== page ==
Do the op-ed page editors of the New York Times ever wince? Are they embarrassed?

Times columnist Tom Friedman watched the movie Invictus and writes that he wishes Iraq and other Muslim leaders would emulate Nelson Mandela’s "we have to suprise them," by displaying religious/ethnic tolerance and magnanimous statesmanship in Iraq and elsewhere, because, I guess, Suck. On. This anti-bubble diplomacy is, uh, not helpful.

I agree the world is desperate for tolerance, understanding and non-belligerent statesmanship, but it’s surprising — or shocking — that Friedman thinks America has earned the right to lecture others on these qualities. According to Tom, America just "got pulled into" an intra-Muslim fight, the "root of 9/11" and presumably Iraq because we just happened to be allies of one of the sides just to "get their oil." Yeah, we were just innocent bystanders except for the plundering, CIA interventions and invasion stuff.

Read how Friedman describes Iraq’s intra-Muslim wars:

There are at least three different intra-Muslim wars raging today. One is between the Sunni far right and the Sunni far-far right in Saudi Arabia. This was the war between Osama bin Laden (the far-far right) and the Saudi ruling family (the far right). It is a war between those who think women shouldn’t drive and those who think they shouldn’t even leave the house. Bin Laden attacked us because we prop up his Saudi rivals — which we do to get their oil.

In Iraq, you have the pure Sunni- versus-Shiite struggle. And in Pakistan, you have the fundamentalist Sunnis versus everyone else: Shiites, Ahmadis and Sufis. You will notice that in each of these civil wars, barely a week goes by without one Muslim faction blowing up another faction’s mosque or gathering of innocents — like Tuesday’s bombing in Baghdad, at the opening of Ramadan, which killed 61 people.

In short: the key struggle with Islam is not inter-communal, and certainly not between Americans and Muslims. It is intra-communal and going on across the Muslim world.

It may come as a surprise to Friedman fans, but this sounds a lot like America. We have a "far right" (today’s nominal Republican Party) and a "far-far right" (the Tea Party), and they’ve arguing about which freedoms in the Bill of Rights to repeal, how much of the national government to dismantle, and whether the proper role for a woman is to marry an appropriate husband or work for unequal pay, although a woman getting rich pandering to the right on Fox or talk radio is fine as long as they say things like "don’t retreat; reload."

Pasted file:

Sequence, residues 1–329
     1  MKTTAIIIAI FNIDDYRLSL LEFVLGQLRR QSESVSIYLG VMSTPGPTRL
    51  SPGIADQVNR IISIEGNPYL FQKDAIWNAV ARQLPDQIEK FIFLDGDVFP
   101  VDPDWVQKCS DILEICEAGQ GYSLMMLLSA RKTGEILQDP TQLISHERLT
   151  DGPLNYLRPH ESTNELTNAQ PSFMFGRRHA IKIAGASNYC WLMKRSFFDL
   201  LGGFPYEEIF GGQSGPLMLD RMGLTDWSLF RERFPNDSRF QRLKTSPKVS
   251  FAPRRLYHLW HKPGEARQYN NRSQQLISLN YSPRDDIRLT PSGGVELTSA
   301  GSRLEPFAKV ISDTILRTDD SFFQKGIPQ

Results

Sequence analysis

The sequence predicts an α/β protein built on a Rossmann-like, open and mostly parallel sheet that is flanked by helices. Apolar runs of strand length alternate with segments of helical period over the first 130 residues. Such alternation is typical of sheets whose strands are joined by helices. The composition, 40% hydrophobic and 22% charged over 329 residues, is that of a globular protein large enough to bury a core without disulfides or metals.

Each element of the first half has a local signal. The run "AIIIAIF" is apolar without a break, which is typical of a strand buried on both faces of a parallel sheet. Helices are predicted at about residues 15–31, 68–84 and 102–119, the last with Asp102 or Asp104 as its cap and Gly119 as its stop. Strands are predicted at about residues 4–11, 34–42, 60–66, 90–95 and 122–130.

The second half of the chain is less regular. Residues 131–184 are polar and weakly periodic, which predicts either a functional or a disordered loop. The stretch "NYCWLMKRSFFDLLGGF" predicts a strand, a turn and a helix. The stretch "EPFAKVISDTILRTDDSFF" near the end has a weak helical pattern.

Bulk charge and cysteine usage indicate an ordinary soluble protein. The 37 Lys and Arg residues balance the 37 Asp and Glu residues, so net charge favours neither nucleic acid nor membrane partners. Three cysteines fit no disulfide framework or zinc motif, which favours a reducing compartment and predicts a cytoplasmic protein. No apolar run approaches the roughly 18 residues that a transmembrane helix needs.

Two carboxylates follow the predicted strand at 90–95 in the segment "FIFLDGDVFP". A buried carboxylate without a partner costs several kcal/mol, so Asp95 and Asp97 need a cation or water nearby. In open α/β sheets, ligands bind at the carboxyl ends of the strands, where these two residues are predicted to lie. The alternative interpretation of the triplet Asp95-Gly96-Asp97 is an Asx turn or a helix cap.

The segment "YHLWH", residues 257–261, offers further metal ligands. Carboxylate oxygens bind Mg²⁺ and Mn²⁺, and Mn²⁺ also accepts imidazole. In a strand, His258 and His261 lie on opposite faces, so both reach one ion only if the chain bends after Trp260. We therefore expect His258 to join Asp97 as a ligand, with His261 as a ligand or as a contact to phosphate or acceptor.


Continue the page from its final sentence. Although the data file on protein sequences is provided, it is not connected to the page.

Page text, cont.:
We have pure blatant corporatists and warmongers in the Republican party and thinly disguised corporatists and warmongers in the Democratic party, so naturally all they can agree on is to continue corporate looting/entitlements and wars. We have our own Taliban, led by right-wing Christianists, against everyone else. And we have plenty of dangerously armed militarists on the right threatening and being egged on to start violent insurrection and literally shoot or blow up secularists and non-zealots, aka liberals, progressives, supposed socialists and anyone else who believes in social justice.

But Friedman apparently doesn’t have a mirror or bifocals. Except for our appetite for their oil, he sees Middle East instability as mostly the Muslims’ fault:

Indeed, the big problem is not those Muslims building mosques in America, it is those Muslims blowing up mosques in the Middle East. And the answer to them is not an interfaith dialogue in America. It is an intrafaith dialogue — so sorely missing — in the Muslim world.

Yeah, if only there were no Muslim extremists, we wouldn’t have crazies in the Republican Party, let alone 50,000 troops in Iraq, 100,000 plus in Afghanistan and even more thousands armed, unwelcome and unaccountable "security" contractors. So Friedman ends by hoping the Iraq’s leaders will rescue his/America’s suck-on-this surge policy:

Our surge in Iraq will never bear fruit without a political surge by Arabs and Muslims to heal intracommunal divides. It would be great if President Obama surprised everyone and gave another speech in Cairo — or Baghdad — saying that.

I think the world has had enough of American warmongers giving diplomacy lectures to leaders in countries we invaded for no good reason, Tom.

Perhaps what we need instead is to shun and replace cynical liars like Mitch McConnell (his MTP appearance today set an all time record for dishonest evasion) and inept cowards like Harry Reid. We might even have our President give a speech addressing the dangers to the nation posed by America’s far right, its far-far right, the American Christianist Taliban and increasingly armed and belligerent Second Amendment zealots. Now that would be a surprise.

John Chandley